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LETTER TO EDITOR
Year : 2012  |  Volume : 56  |  Issue : 6  |  Page : 591-592  

Successful difficult airway management in a child with Hecht-Beals syndrome


Department of Anaesthesiology and Intensive Care, AIIMS, New Delhi, India

Date of Web Publication14-Dec-2012

Correspondence Address:
Ravindran Chandran
Department of Anaesthesiology and Intensive Care, AIIMS, New Delhi
India
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Source of Support: None, Conflict of Interest: None


DOI: 10.4103/0019-5049.104591

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How to cite this article:
Kumar A, Chandran R, Khanna P, Bhalla AP. Successful difficult airway management in a child with Hecht-Beals syndrome. Indian J Anaesth 2012;56:591-2

How to cite this URL:
Kumar A, Chandran R, Khanna P, Bhalla AP. Successful difficult airway management in a child with Hecht-Beals syndrome. Indian J Anaesth [serial online] 2012 [cited 2019 Sep 21];56:591-2. Available from: http://www.ijaweb.org/text.asp?2012/56/6/591/104591

Sir,

Hecht-Beals syndrome is a rare autosomal dominant inherited disorder of connective tissue. Children are born with a characteristic clenched position of hand, foot deformity, multiple joint contractures, arachnodactyly, kyphoscoliosis, limited mandible excursion and restricted mouth opening. Airway management may be challenging in these children, and various techniques like laryngoscopy, anterograde fiberoptic guided intubation, retrograde fiberoptic guided intubation, and elective tracheostomy have been reported. We put forward the use of tracheal tube introducer through laryngeal mask airway as an incomplex technique, keeping fiberoptic bronchoscope as standby for tracheal intubation in these children with restricted mouth opening.

A 4-year-old, 15-kg female child with Hecht-Beals syndrome having multiple joint contracture of the foot was posted for contracture release in prone position. Physical examination revealed contracture deformity of both upper and lower limbs, with adduction and inversion deformity of foot. Further genetic workup revealed her as a case of Hecht-Beals syndrome (FBN2 mutation). Airway examination showed small mouth opening (1.8 cm) and multiple missing teeth with normal neck movements [Figure 1]. After adequate fasting, she was shifted to the operating room.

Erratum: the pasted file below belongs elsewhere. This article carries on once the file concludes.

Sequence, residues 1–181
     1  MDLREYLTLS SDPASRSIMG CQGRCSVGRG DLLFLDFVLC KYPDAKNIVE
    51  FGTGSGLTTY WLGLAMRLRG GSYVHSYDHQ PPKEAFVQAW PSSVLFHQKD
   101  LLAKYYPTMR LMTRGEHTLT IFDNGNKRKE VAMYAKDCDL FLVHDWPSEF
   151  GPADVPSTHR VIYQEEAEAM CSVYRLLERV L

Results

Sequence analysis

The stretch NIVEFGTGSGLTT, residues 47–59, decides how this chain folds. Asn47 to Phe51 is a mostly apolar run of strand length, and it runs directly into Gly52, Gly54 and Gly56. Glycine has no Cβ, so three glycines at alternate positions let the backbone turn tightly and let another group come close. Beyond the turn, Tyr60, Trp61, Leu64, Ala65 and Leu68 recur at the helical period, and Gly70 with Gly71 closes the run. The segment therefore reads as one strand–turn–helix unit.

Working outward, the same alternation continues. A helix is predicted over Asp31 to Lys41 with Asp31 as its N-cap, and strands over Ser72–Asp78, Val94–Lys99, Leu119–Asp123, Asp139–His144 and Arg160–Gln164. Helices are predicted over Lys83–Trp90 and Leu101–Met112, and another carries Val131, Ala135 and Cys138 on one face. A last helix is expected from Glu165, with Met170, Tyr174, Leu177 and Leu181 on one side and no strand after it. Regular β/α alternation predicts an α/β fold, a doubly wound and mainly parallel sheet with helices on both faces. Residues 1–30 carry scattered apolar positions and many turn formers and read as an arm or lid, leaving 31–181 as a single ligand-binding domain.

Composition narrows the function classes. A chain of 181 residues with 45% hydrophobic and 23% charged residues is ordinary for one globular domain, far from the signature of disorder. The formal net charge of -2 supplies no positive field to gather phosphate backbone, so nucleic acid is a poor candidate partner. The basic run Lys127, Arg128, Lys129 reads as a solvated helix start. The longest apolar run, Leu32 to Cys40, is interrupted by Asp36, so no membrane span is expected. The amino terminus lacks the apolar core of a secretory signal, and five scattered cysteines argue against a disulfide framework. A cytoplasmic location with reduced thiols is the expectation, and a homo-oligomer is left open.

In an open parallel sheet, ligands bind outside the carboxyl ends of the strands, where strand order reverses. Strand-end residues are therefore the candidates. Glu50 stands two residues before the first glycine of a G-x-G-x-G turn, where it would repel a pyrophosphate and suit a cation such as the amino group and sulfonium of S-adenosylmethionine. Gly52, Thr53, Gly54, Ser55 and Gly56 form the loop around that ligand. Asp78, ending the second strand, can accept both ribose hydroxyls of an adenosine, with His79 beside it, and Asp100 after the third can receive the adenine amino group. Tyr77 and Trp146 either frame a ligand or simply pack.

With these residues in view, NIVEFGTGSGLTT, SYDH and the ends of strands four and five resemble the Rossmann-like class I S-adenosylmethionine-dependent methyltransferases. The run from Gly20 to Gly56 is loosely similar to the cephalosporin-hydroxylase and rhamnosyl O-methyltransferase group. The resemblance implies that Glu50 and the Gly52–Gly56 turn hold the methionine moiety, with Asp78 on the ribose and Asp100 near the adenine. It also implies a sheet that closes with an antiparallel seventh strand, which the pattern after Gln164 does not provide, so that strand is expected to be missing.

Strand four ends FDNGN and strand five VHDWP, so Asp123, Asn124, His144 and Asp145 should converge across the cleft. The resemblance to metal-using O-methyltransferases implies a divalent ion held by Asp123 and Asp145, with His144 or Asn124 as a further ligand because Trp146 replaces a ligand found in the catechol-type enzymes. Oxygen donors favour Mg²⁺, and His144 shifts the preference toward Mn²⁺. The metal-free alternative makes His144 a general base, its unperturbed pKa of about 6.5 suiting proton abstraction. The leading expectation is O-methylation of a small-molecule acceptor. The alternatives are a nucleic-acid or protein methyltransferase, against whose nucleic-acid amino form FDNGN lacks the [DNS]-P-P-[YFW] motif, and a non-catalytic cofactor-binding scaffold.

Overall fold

Figure 1: Child with Hecht– Beals syndrome having limited mouth opening

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The child was induced with 8% sevoflurane and 100% oxygen at the flow of 6 L. Standard monitoring of pulse oximetry, electrocardiography, and non-invasive blood pressure were established upon induction and a 22-G intravenous access was secured. Sevoflurane concentration was reduced to 5% and the child was allowed to breathe spontaneously. With small mouth opening, visualisation of glottis was difficult using conventional laryngoscopy and further attempts for achieving endotracheal intubation with Miller blade also failed. A classic laryngeal mask airway size 2 was inserted and adequate ventilation was achieved. A 10 CH tracheal tube introducer tip facing anteriorly was passed through the laryngeal mask airway into the trachea. The laryngeal mask airway was removed and a five millimeter internal diameter uncuffed endotracheal tube was railroaded over the tracheal tube introducer. After confirming the endotracheal placement of the tube with end-tidal carbon dioxide and auscultation for bilateral equal air entry, atracurium was administered. Caudal block was achieved with 8 ml of 0.25% bupivacaine. Surgery was done in prone position. The intraoperative events were uneventful and the child was extubated when fully awake at the end of the surgery.